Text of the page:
John Eliot Gardiner and the soul of Beethoven | Music | DW | 23.09.2011

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John Eliot Gardiner and the soul of Beethoven

John Eliot Gardiner is an English conductor who has helped shape the direction of classical music performance for decades. He talked with DW about conducting Beethoven's symphonies at the Beethovenfest.

Sir John Eliot Gardiner

Sir John Eliot Gardiner

Deutsche Welle: Your interpretations of Beethoven became a sensation in the world of classical music. Do you feel any particular affinity with Beethoven himself?

John Eliot Gardiner: I feel that Beethoven is one of the very first composers who speaks to us as a human being, that he lets the mask drop and allows us to see right into his soul. His symphonic music is so extraordinary because he invests this music with so much emotional, political and musical content. I think it sometimes gets forgotten that Beethoven was brought up here in this very gemütlich, bourgeois, friendly German town - in effect, quite provincial on the edge of the Rhine. But his mind was somewhere else. His mind was very much involved in the political events of the day.

A statue of Beethoven

Beethoven is among the first composers to let the mask fall, according to Gardiner

At the Beethovenfest this year, you are conducting the First, Fourth, Fifth and Ninth Symphonies. What are some of the pitfalls and rewards in performing the Ninth?

Well the Ninth is beyond any sort of time frame or time scale, the largest symphony ever at the time that it was composed. And it was hugely radical in that he suddenly introduces singers in the last movement. But before you get to that point, the first three movements themselves are of such proportion and such epic stature that you've got an extraordinary summation of all that he achieved in the other eight symphonies, while also charting new territory in the use of orchestral sonority.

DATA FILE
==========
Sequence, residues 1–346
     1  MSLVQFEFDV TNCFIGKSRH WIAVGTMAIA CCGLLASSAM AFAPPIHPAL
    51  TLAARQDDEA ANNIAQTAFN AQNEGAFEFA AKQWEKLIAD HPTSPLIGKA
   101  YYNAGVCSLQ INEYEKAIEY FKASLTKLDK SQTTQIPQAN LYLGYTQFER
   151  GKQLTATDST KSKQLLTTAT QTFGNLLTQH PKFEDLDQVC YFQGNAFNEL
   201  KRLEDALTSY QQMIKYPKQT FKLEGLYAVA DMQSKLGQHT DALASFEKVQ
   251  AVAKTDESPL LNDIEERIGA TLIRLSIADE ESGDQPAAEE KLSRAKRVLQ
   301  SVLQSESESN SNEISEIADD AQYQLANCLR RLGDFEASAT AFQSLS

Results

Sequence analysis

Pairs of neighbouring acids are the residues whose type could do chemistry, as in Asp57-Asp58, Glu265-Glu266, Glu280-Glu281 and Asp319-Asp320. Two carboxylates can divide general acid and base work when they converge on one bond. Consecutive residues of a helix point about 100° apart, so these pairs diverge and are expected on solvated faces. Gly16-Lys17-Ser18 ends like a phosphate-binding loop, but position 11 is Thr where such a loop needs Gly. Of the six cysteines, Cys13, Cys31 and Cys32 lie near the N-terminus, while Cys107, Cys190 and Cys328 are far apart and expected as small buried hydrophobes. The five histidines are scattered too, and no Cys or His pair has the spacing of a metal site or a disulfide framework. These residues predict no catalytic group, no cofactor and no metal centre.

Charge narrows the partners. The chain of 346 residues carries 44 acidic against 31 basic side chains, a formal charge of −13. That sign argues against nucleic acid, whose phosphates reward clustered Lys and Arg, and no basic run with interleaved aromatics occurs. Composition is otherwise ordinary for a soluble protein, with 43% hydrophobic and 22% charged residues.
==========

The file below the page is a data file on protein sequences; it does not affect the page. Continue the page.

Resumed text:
And you have to remember that Beethoven was deaf and had been profoundly deaf for quite some while, so he was operating on his aural memory as to how orchestras and instruments function. The amazing thing is how few errors he made. This symphony is the most challenging of them all and the most rewarding.

Last night you conducted the Fourth and the Fifth, and tonight you will conduct the First and the Ninth. Did you discover anything about how these two pairs of symphonies relate to each other by putting them in this arrangement?

Well, the obvious thing is the First and the Ninth being his first and the last works - you've got the whole gamut of Beethoven's expression and experiments with the orchestra. The very opening chord, which is such a shock, of the First Symphony, is announcing him, saying: "I am here, I'm the latest kid on the block, and I have something special to say!" And the Ninth Symphony of course is the non plus ultra.

Bit with Beethoven, you make a statement about one symphony, and you found that you have contradicted yourself or he has contradicted you by coming up with something completely opposite. You can't put him in a nice little box and say, "This symphony is about this, and that symphony is about that." They're all about everything.

Sir John Eliot Gardiner